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               Jim Messina                         Infinity  Music Hall   Norwich CT                                  3/7/20 

There is such a long, storied history to Jim Messina’s career. He draws on his music from three important 60s/70’s bands and make it sound as fresh today as it was long ago. At 72, his vocal and guitars skills remain formidable and he is complemented by a top notch band of seasoned pros. 

My first impression of Messina came from some sort of fanzine in 1968, wherein I discovered that he had joined my beloved Buffalo Springfield, taking over on bass for Bruce Palmer. Years later, I learned just how momentous an event this was. Jim and Richie Furay took over the production of the band’s final album, Last Time Around, as Neil Young and Stephen Stills could no longer bring their egos to the studio together. They brought in a pedal steel player named Rusty Young to give the final song “Kind Woman” a gorgeous country sound. 

Completing Last Time Around, Furay, Messina and Young then added Randy Meisner on bass and George Grantham on drums to form Poco, arguably the most seminal and influential country rock band of all time. And it was here that Messina first displayed his talents on a Fender Stratocaster. No guitar players I knew could figure out the intricate intro to “You Better Think Twice”.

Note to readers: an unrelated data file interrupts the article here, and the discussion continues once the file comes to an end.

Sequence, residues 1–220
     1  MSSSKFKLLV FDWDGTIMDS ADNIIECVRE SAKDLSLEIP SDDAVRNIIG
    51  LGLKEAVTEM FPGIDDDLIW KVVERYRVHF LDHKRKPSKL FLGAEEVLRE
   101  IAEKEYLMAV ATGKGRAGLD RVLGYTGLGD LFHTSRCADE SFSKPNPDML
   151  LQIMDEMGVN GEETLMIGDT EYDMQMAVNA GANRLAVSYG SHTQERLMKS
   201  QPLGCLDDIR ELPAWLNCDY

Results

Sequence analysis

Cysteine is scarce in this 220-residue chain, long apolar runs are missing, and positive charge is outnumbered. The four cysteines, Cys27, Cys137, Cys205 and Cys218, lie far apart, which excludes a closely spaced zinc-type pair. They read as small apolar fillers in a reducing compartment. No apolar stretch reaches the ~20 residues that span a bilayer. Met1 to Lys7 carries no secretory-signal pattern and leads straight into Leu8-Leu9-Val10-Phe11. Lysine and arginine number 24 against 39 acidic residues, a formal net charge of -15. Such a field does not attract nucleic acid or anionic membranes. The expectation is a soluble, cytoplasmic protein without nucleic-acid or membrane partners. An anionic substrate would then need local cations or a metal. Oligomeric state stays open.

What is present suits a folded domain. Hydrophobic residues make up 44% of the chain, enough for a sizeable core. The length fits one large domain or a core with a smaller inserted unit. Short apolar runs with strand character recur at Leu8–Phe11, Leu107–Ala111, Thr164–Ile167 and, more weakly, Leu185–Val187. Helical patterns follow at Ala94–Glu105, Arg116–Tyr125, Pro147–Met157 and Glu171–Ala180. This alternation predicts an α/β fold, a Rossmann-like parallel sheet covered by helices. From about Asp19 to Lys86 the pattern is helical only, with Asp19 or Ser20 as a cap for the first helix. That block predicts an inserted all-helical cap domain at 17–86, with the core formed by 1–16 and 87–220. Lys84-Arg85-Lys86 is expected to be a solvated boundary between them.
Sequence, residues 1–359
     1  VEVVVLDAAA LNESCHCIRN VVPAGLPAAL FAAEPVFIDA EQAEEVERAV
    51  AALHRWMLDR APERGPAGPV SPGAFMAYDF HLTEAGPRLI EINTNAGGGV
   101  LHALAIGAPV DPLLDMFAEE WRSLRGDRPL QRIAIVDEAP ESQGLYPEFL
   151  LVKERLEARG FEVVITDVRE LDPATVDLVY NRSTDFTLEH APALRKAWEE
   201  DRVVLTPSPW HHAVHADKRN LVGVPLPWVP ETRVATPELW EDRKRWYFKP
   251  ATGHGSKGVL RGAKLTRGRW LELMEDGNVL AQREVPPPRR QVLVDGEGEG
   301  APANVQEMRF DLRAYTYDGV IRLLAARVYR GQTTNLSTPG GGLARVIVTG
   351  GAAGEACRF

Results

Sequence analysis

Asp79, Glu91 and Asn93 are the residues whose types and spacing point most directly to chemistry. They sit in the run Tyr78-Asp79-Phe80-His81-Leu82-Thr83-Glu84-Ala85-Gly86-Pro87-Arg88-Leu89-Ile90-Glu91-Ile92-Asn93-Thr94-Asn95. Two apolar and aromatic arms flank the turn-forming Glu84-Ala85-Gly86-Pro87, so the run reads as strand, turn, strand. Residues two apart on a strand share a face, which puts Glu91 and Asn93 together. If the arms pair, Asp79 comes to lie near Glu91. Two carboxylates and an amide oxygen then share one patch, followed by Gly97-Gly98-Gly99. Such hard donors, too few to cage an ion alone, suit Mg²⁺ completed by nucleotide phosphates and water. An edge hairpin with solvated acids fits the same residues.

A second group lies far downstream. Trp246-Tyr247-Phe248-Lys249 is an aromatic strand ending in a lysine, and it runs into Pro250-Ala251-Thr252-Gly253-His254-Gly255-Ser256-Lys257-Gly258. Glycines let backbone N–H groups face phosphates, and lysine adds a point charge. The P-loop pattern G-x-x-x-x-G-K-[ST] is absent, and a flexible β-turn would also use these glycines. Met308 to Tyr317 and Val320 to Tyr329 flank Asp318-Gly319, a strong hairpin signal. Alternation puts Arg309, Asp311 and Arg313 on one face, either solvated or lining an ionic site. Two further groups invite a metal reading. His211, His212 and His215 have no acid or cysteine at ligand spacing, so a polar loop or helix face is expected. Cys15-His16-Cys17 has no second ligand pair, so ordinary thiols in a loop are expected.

After Poco, it was on to producing for a budding Kenny Loggins on his debut album, which turned into more of a Jim Messina album. That partnership went on to produce Messina’s best songs and finest guitar work, all on display once more at Infinity Hall in Norfolk recently. 

The show opened with a mini set of gentle acoustic tunes, including “Watching the River Run, “Kind Woman”,  “Danny’s Song”, and “Pooh Corner”. These ran together in a sort of medley and produced some nostalgic sing alongs from the mostly 60-70 year old crowd. Fun to hear this stuff again, but I was glad when the gears began to change. 

“To Be Free” is an intricate piece of music, full of incredible instrumental solos for mandolin, fiddle, and guitar and did not disappoint. Then back to a medley of the foot-stomping kind and some fine guitar and fiddle work on “Holiday Hotel” “Listen to a Country Song” etc. The Trilogy from the first L&M album was a highlight, with the entire crowd singing the final chorus in full throated unison for “Piece of Mind”. 

And then came the finale – “Angry Eyes”. Of course this rocker transforms itself into an extended jazz rock fusion of solos for sax, flute, fiddle, and Messina’s incredible sound on the Strat. The players did an amazing job of reproducing note for note sections of the record, and combined instruments for harmony play that brought the crowd to its feet. Alternately smooth and subtle, then full of raw power, it was a reminder that there is much more to some of our old favorites than we remember. Of course, the encore was a rousing version of “Your Moma Don’t Dance”. 

After the show I stood in line and had a few words with Messina. As usual, this involved simply thanking him for the many years of enjoyment I have had from his music. He was very gracious in his reply and said that he had been very lucky to keep playing all these years. A simple. profound thought that I must remember.

 

 

 

 

 

 

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